Archive for the ‘Xbox360’ Tag
With the first version of the RPG editor just about ready to be tested, I thought I’d take the opportunity to share some of the things we’d like to implement. So lets take a look at some of the custom XML exporting!
From this first screen shot, you will notice that on the left half of the form is all of the fields that can be changed, while each change will be reflected by the XML Output on the right. Using this data, it will be easier to see how your final XML will look, before you export the XML file.
You can also see that we’re trying to make any map created with our editor be directly “plug and play” with an XNA project. For example, the XnaContent tag is automatically implemented, and so is the Asset Type= but the user will be able to specify their project namespace as well as the map class name that will be housing the data in-game. Obviously every XNA project needs this information unless you are using a custom importer / processor for your XML data, so you can not opt out of having this information exported.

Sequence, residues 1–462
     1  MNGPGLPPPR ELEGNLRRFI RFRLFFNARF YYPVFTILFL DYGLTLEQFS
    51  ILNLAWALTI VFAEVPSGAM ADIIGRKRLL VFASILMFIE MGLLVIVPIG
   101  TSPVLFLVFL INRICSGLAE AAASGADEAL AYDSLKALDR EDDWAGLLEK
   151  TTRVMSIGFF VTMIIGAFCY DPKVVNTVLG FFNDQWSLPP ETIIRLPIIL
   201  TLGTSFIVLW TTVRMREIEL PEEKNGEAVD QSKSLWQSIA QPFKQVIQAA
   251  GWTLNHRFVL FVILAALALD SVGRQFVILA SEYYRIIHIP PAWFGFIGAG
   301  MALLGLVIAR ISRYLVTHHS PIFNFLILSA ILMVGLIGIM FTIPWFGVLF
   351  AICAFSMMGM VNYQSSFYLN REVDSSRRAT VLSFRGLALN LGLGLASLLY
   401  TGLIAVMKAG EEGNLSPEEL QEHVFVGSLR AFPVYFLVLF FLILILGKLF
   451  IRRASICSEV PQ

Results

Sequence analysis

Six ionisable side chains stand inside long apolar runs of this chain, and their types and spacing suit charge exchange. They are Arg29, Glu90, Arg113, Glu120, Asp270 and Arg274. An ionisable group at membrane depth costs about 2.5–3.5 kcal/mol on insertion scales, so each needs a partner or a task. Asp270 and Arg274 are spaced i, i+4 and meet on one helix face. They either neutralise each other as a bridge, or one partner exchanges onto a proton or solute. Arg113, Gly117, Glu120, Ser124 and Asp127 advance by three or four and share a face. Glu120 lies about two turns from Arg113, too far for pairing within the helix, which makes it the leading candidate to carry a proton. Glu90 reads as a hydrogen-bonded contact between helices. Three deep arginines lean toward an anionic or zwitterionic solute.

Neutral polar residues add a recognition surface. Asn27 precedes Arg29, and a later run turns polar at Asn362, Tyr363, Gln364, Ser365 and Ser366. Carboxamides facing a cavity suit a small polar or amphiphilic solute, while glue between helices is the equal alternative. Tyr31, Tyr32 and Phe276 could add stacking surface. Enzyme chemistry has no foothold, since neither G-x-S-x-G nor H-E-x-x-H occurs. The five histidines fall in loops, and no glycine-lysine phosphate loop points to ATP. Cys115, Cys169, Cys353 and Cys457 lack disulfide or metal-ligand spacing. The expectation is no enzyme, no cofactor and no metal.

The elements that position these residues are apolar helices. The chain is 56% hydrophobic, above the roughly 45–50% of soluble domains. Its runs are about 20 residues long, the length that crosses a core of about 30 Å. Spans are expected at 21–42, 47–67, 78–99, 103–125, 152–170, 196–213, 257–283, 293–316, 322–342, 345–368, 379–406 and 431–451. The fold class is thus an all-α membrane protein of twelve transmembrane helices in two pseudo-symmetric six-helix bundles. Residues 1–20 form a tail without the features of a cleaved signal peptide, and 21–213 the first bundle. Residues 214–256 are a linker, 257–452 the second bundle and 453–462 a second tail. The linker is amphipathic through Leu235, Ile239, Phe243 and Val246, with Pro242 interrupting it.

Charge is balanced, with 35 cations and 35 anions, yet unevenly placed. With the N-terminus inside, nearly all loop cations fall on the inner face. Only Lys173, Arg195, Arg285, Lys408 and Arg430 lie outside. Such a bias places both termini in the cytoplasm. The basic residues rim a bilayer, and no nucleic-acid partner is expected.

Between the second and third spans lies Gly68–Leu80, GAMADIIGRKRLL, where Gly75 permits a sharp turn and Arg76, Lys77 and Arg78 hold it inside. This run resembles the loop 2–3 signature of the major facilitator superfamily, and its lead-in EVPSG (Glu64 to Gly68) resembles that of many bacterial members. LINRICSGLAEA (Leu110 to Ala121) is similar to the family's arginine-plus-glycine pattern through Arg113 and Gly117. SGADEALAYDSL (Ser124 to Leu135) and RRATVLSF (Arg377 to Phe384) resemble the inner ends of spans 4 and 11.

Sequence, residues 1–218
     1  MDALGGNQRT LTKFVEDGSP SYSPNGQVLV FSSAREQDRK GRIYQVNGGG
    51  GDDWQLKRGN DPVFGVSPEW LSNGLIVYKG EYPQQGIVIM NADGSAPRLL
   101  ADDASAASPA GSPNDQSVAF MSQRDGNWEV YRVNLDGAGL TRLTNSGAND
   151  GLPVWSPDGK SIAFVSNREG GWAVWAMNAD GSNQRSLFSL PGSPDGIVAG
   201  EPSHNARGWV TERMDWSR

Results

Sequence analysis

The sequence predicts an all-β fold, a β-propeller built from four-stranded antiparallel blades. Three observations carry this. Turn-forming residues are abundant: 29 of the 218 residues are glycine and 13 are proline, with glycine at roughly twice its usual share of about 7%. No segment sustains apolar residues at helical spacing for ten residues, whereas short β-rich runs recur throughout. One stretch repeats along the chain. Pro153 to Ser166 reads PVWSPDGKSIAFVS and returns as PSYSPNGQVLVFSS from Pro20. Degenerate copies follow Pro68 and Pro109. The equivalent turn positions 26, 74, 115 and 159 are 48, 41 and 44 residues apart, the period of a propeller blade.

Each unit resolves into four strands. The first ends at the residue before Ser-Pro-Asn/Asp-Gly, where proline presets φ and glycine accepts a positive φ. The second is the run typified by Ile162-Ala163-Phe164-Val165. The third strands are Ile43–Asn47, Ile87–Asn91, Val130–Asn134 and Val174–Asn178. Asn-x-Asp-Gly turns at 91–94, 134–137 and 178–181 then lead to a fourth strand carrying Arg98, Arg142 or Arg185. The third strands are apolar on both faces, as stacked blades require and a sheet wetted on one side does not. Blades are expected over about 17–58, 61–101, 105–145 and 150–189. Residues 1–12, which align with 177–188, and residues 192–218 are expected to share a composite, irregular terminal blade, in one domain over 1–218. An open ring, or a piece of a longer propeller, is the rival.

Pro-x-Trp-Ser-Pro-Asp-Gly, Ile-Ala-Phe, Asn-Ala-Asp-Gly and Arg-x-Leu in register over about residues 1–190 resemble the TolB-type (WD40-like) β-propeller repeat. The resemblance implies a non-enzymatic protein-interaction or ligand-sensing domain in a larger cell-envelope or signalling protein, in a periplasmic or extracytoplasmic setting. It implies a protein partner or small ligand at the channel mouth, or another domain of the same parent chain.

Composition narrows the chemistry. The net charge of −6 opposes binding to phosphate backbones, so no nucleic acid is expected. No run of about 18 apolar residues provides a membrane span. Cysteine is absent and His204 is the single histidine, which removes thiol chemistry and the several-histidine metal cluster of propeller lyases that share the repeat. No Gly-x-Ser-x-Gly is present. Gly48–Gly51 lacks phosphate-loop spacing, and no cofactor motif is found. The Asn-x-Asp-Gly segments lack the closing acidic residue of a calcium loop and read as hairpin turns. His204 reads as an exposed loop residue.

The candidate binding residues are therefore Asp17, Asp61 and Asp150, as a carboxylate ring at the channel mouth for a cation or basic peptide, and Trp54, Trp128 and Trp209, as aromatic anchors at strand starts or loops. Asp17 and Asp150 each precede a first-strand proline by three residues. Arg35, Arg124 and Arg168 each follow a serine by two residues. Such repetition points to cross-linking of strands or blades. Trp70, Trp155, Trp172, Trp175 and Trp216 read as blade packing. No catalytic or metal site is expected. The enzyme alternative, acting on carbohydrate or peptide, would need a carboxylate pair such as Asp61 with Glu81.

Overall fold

Attempting to make the XML as flexible as possible, you will notice one feature we’ve already put in. You can specify the “Output Type” of your data to take advantage of the various importing techniques of the XNA Content Pipeline. For example, if you wish to import your “MapDimensions” data as a point, the output XML will look something like:
while if you wish to import it as a custom data and write your own Content Reader / Writer for that data, you can and it will export something like:
and naturally, all fields are customizable so if you wish to change “Width” to “MapWidth,” you can.
So, for now… this is a small snippet of what we’re working on. Again, we expect this project to be open source once we get further down the road, so anyone can take what we’ve done and expand on it or use it for their own editors.
I hope this project encourages the creation of some great RPGs, because I love me some RPGs :) See you all soon!